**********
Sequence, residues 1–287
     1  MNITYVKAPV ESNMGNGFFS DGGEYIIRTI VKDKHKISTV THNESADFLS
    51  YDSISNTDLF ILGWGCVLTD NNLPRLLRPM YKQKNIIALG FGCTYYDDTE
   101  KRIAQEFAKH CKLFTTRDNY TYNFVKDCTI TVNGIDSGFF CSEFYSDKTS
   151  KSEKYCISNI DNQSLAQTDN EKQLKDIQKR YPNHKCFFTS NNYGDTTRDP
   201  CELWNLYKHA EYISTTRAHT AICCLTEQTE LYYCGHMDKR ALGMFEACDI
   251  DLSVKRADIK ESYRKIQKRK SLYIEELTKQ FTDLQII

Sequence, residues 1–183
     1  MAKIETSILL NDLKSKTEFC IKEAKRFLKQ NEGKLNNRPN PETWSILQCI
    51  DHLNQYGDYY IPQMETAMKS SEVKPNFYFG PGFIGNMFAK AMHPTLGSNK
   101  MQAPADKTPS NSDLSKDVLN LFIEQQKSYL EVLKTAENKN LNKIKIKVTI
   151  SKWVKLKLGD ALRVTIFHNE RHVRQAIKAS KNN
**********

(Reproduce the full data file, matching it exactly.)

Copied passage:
Sequence, residues 1–287
     1  MNITYVKAPV ESNMGNGFFS DGGEYIIRTI VKDKHKISTV THNESADFLS
    51  YDSISNTDLF ILGWGCVLTD NNLPRLLRPM YKQKNIIALG FGCTYYDDTE
   101  KRIAQEFAKH CKLFTTRDNY TYNFVKDCTI TVNGIDSGFF CSEFYSDKTS
   151  KSEKYCISNI DNQSLAQTDN EKQLKDIQKR YPNHKCFFTS NNYGDTTRDP
   201  CELWNLYKHA EYISTTRAHT AICCLTEQTE LYYCGHMDKR ALGMFEACDI
   251  DLSVKRADIK ESYRKIQKRK SLYIEELTKQ FTDLQII

Sequence, residues 1–183
     1  MAKIETSILL NDLKSKTEFC IKEAKRFLKQ NEGKLNNRPN PETWSILQCI
    51  DHLNQYGDYY IPQMETAMKS SEVKPNFYFG PGFIGNMFAK AMHPTLGSNK
   101  MQAPADKTPS NSDLSKDVLN LFIEQQKSYL EVLKTAENKN LNKIKIKVTI
   151  SKWVKLKLGD ALRVTIFHNE RHVRQAIKAS KNN